In a strict business sense, that did not seem like much of an issue. But it struck the wrong emotional chord among the Filipinos. It seemed to the more emotional Filipinos that their staunchest ally was being stingy precisely at a time that the country desperately needed all the assistance it could get.

Consequently, compensation negotiations broke down and the Philippine Senate – by a close vote – struck down the military bases agreement, forcing the rapid and awkward exit of US forces from the country.

For their part, the Americans too felt betrayed. The unceremonious shutting down of the US bases simply was not something done by a close ally.

This event, in a more encompassing coincidence, happened just as the Cold War drew to a close. The Soviet Union collapsed. Her satellite states rushed to join NATO. And China, without formally admitting it, joined the capitalist bandwagon – and as a strong player at that.

For a decade, the Philippines and the US simply did not know what to do with their shipwrecked bilateral relations. The Cold War, which defined the functionality of that bilateral relationship, evaporated. There was no encompassing framework within which to revive an old partnership.

Then September 11 happened. Both the Americans and the Filipinos found themselves fighting the same terrorist threat. The victim of a savage terrorist attack, the US took it upon itself to lead the world’s democracies in destroying the bases of organized international terror. Itself a victim of terrorist attacks, the Philippines was the staunchest Asian nation in the campaign against terror.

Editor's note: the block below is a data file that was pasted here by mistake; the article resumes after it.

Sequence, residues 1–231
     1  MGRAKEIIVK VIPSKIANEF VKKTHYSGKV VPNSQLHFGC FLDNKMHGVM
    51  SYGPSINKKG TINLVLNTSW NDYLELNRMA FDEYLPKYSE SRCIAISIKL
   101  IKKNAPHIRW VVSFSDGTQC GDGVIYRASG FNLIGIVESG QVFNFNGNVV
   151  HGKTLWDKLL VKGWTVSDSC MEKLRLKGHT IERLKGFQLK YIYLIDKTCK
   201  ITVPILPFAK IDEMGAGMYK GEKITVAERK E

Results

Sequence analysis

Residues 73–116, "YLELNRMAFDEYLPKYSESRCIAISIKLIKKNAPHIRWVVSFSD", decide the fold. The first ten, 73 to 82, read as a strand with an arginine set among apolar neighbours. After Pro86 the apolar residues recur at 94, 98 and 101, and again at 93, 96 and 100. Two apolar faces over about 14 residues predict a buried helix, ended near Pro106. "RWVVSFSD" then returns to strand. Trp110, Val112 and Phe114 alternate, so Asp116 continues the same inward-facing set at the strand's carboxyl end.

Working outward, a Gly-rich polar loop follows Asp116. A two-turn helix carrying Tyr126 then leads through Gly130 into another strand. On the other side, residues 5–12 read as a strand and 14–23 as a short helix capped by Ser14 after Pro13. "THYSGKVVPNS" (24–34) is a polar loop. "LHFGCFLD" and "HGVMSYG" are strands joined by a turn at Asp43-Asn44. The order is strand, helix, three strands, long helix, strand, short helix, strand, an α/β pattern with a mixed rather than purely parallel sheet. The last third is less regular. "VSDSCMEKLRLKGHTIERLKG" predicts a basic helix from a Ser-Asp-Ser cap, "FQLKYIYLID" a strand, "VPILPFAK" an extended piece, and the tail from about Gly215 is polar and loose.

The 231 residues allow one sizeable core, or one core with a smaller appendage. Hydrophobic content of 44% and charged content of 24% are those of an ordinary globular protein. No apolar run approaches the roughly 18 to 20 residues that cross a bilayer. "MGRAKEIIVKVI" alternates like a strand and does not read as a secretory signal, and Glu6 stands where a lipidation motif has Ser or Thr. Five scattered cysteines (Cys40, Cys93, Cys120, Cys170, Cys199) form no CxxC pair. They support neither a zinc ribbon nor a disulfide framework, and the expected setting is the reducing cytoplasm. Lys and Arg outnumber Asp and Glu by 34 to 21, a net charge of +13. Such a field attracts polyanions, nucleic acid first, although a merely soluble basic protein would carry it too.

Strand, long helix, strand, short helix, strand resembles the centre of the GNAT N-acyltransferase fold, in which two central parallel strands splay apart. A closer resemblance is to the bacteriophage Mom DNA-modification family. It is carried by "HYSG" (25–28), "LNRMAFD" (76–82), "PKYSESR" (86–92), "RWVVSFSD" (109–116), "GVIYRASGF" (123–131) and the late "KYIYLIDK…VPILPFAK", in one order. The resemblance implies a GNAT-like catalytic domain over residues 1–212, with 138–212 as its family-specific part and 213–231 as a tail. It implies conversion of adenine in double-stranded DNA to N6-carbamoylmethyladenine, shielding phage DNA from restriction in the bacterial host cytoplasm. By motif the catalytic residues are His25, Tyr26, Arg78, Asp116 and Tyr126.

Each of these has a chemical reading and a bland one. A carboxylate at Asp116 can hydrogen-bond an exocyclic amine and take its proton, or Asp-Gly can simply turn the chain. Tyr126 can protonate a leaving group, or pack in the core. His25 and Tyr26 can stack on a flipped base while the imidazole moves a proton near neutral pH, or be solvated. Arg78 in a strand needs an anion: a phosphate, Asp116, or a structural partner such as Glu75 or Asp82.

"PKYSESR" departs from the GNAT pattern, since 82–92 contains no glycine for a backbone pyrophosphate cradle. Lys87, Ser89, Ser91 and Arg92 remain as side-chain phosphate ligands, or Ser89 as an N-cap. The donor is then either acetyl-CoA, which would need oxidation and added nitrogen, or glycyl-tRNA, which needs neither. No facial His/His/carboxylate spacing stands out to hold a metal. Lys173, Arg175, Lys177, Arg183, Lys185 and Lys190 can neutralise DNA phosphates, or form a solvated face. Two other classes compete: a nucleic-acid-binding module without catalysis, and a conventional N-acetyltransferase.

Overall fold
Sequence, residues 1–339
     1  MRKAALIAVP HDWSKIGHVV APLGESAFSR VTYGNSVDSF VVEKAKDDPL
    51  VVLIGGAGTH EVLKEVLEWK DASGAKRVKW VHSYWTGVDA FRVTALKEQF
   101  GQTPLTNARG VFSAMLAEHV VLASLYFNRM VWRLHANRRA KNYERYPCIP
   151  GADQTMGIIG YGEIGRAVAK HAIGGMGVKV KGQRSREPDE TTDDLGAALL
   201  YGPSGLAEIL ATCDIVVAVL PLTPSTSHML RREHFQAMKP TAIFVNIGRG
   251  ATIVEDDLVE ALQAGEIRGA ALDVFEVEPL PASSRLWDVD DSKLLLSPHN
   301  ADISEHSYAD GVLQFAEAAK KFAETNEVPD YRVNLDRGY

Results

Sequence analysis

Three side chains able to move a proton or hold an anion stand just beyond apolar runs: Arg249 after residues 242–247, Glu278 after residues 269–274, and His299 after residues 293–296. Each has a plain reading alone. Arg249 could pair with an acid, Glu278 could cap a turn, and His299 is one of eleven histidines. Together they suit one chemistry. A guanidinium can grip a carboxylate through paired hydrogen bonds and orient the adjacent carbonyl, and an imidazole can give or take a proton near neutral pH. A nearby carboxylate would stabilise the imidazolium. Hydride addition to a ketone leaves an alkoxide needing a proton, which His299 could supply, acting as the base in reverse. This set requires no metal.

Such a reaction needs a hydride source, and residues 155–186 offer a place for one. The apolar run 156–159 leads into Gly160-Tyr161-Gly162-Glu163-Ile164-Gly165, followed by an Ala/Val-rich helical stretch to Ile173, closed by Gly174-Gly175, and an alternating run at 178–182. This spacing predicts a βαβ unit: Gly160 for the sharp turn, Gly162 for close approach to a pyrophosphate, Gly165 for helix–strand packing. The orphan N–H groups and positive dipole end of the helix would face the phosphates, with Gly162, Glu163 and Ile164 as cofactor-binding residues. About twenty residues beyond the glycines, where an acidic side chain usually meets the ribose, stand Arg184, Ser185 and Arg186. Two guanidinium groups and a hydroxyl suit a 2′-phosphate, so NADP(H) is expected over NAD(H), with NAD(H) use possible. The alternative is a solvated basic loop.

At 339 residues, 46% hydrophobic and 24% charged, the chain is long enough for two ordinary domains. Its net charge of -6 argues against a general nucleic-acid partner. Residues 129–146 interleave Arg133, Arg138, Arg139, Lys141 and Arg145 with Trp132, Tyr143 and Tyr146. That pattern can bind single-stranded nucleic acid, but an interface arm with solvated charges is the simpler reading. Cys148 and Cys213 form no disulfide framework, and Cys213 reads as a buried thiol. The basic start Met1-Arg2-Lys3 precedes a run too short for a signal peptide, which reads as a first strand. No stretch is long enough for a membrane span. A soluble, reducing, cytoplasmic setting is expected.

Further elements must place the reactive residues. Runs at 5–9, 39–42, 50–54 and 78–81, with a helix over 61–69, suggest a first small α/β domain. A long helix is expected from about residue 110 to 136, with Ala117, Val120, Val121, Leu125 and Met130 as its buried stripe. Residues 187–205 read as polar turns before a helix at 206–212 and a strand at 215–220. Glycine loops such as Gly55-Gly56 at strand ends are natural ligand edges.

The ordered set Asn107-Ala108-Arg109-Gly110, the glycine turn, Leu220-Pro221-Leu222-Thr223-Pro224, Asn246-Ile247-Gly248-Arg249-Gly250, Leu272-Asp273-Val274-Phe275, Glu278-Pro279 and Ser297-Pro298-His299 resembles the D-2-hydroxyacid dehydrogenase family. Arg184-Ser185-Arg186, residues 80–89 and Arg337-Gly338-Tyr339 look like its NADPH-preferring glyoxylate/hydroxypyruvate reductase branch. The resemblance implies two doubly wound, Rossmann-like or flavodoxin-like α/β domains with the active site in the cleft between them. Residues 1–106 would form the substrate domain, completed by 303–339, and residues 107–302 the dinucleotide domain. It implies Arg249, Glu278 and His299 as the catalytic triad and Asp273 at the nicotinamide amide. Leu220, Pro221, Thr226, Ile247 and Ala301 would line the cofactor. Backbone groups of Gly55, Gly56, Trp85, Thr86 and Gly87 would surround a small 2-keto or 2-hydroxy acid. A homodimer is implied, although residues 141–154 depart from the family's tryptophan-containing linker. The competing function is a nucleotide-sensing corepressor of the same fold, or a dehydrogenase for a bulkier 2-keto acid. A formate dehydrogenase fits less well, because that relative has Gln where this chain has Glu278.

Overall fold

It was in this context that we rediscovered the partnership we nearly forgot. We are both wounded democracies facing a scourge that threatened modern civilization, that militated against the vision of open and free societies that Filipinos and Americans valued dearly.

We rediscovered the strength of our shared values and uncovered the urgency of our shared concerns. There it was: the framework for reinventing and reviving our partnership to mutual benefit.

Like lovers estranged during a moment of confusion, we rediscovered the value of our partnership in a new moment of clarity. And in the last two years we worked feverishly at rebuilding our bilateral relationship like reconciled lovers scrambling to make up for lost time.

And so it is that George W. Bush comes not just as an incidental visitor. His gesture of a state visit completes the process of rediscovering a partnership too valuable for us both.

The significance of this event is much larger than the political personas of George W. Bush and Gloria Macapagal-Arroyo. This is a partnership not of two leaders but of two nations.

It is a partnership defined not by the momentary interests of individual statesmen who happened to be there when the relationship cried out to be reassessed. It is a partnership defined by the complementary interests of two countries linked by shared values and a historical familiarity with the other.

If only the senseless noise of the leftists and the insane threats of the terrorists would subside for a moment so that the public could look at the significance of this visit with the eyes of statesmen.

Reported by: Sol Jose Vanzi